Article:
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2nd November 2010

Blog >> 10 Steps to Secure Your Web Hosting Account

It's a common assumption to think that your host is taking care of your website's security, the truth is they are, but that doesn't mean there aren't plenty of steps you can take to enhance and improve the security of your web hosting account.

Step 1. Your Username and Password

Statistics

Password Statistics

  • The most commonly used password is password1.
  • 52% of people never change their passwords unless required to do so.
  • 66% of US consumers use only 1-2 different passwords.
  • 42% of Hotmail users use passwords containing only lowercase letters.
  • 19% of Hotmail users use passwords containing only numbers.
  • Nearly 1% of Hotmail users use the password 123456.

 

It may seem obvious that the security of your login credentials for FTP, your control panel and so fourth is important, but approximately 42% of users use simple text passwords without numbers or symbols.

It's also frighteningly common that users use their username as their password. When you consider the username usually forms part of the server directory path and the fact that this is disclosed in environmental variables, then you realise they may as well not use login details.

For a basic level of security your username and password should always meet the following criteria:

  • Minimum 8 characters in length, preferably 10 or more.
  • Contains both capital and lowercase characters.
  • Contains at least 1 numeric character.
  • Does not contain any dictionary words.
  • Is not used for any accounts with third-party websites/services.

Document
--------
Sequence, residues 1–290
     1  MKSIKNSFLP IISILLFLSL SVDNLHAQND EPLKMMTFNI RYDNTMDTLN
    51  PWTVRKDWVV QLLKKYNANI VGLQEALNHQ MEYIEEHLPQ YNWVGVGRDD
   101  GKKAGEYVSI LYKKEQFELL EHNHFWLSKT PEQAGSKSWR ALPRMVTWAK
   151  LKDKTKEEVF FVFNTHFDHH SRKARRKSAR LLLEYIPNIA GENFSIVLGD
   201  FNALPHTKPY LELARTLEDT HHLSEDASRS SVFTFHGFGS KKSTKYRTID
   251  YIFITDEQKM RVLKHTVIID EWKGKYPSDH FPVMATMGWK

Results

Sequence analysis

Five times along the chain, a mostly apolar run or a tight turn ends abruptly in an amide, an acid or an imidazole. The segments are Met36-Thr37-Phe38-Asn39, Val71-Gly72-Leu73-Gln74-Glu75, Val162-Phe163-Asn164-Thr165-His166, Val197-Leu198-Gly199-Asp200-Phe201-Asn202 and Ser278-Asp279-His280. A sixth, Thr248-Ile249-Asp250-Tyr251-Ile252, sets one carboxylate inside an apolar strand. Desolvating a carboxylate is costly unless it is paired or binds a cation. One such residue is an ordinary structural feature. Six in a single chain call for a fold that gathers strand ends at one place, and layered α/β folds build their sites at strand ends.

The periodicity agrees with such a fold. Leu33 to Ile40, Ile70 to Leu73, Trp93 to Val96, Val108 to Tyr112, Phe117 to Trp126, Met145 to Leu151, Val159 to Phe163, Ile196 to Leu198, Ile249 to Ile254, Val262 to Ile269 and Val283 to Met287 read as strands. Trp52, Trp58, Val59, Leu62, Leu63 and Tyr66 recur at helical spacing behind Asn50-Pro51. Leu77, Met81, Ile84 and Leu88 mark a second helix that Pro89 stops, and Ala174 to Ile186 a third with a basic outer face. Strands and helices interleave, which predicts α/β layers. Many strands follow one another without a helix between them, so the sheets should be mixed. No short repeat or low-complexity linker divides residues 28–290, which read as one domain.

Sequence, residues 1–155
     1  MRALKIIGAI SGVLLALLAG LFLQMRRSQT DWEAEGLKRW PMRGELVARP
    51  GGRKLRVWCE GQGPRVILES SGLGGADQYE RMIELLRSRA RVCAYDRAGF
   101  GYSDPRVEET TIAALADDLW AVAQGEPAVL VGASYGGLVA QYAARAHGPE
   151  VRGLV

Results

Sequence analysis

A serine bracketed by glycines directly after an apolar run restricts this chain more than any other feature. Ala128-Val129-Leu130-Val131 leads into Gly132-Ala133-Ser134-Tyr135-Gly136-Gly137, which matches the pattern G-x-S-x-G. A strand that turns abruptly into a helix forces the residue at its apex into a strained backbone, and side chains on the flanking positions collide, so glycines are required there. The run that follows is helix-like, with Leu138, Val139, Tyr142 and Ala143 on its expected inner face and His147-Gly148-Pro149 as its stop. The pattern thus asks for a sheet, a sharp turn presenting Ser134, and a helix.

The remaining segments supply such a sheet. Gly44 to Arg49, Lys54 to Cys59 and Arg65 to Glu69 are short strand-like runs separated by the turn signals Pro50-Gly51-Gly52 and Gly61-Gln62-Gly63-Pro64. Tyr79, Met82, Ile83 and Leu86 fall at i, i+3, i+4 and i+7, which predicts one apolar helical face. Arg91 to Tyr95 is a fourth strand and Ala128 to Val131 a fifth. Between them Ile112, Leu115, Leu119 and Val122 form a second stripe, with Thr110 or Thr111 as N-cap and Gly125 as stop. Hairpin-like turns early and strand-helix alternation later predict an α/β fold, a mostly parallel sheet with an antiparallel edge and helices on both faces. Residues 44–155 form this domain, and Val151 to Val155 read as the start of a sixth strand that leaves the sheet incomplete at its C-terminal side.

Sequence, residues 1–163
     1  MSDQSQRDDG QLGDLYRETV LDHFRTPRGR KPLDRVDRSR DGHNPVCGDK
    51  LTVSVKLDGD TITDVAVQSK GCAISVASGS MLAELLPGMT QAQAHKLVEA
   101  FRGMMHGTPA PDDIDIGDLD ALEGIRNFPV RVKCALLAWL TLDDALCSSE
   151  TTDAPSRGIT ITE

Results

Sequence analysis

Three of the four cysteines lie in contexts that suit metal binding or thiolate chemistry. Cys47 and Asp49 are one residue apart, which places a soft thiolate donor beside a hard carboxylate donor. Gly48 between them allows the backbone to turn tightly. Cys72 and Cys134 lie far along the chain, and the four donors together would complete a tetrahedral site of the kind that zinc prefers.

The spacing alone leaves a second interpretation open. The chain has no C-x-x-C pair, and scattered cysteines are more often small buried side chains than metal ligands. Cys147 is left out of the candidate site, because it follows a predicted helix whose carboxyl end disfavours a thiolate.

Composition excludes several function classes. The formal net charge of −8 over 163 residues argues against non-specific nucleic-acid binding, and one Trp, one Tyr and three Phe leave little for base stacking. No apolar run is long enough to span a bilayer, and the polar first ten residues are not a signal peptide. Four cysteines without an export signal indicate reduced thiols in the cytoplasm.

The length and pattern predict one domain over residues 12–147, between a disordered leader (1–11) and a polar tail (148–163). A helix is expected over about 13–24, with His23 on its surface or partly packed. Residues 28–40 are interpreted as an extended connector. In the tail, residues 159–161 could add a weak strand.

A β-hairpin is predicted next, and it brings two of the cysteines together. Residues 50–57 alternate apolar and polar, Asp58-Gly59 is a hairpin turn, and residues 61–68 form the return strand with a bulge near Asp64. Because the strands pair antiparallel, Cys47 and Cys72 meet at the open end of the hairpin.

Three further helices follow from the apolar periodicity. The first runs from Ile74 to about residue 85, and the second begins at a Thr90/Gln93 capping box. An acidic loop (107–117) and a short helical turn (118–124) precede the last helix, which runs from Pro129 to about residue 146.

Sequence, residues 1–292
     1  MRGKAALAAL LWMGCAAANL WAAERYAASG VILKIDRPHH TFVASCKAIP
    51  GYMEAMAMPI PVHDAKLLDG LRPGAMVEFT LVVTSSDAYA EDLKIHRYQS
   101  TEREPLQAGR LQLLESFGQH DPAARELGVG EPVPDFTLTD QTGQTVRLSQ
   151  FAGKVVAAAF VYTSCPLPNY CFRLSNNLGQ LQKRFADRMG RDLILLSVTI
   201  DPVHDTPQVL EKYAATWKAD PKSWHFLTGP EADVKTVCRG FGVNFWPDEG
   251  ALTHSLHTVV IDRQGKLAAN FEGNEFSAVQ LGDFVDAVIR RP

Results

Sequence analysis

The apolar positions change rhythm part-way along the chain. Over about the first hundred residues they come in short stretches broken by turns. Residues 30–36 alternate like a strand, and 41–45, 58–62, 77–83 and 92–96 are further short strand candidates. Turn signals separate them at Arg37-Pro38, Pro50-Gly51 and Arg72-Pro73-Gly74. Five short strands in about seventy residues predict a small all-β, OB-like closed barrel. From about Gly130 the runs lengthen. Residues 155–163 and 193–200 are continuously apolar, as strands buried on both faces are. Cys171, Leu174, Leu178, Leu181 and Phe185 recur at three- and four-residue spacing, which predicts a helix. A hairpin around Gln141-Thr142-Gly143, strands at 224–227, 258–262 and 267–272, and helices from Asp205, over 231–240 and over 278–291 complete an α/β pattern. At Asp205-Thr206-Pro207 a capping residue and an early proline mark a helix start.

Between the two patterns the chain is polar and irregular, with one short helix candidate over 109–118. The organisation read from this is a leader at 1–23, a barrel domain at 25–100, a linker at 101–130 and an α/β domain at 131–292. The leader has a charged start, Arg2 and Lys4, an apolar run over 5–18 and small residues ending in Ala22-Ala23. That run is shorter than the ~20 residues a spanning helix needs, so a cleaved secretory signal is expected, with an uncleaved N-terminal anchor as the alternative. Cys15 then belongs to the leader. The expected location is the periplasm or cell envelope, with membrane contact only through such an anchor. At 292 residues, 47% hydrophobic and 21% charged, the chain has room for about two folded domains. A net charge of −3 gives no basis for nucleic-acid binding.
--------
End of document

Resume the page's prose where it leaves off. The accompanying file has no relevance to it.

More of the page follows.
For increased security your username and password should meet the following criteria:

  • Contains at least 3 numbers which are not grouped.
  • Contains at least 2 non-alphanumeric characters/symbols which are not grouped.
  • Does not contain more than 3 characters which may form part of a word.

You should endeavour to change your passwords regularly to ensure their security is maintained.

For assistance generating a secure random password we have provided a convenient random password generator:

Step 2. Lock Your FTP Account

Many hosting companies now enable you to secure your FTP account, either enabling access for short periods of time via a control panel or restricting access by IP address. If possible, you should always disable FTP access when you're not using it to ensure it can not be attacked.

Step 3. Use Secure FTP

Rather than using standard FTP you should use SFTP to ensure all data transfer is secure. Most hosting companies support secure FTP usually via port 22 - simply update your FTP software settings to use SFTP and the appropriate port and all your data transfer will be secured.

If your FTP software does not support SFTP, try Filezilla or WinSCP:

Step 4. Lock Down Your File Permissions

Filezilla FTP File Permissions

If you use a Linux/Unix web server then you can set permissions on each file and directory which control which users and groups within the system can access the files. You should familiarise yourself with your file permissions to ensure your file structure is secure, for example setting the permissions to 777 will allow access for any user on the system, unless another permissions system is limiting access.

You should avoid settings open permissions such as 777, 775, 755, 666, 664 or 644. It's good practice to set your directories to 555 (all read and execute) and files to 444 (all read) unless you need to open access to a specific user/program. Depending on your server configuration this may not be a possible so please check with your system administrator for advice specific to your hosting environment.

Step 5. Clean Your Files

You should check your files and directory structure regularly to ensure they are not disrupted. Always check any unusual files which you do not recognise as it is possible these have been created by a malicious user, you may also like to consider restoring your PHP files on a routine basis incase any malicious code has been added.

You can use a file integrity checker such as AIDE (Advanced Intrusion Detection Environment) to scan and audit your file structure, and notify you to any changes or anomalies:

Step 6. Check Your Logs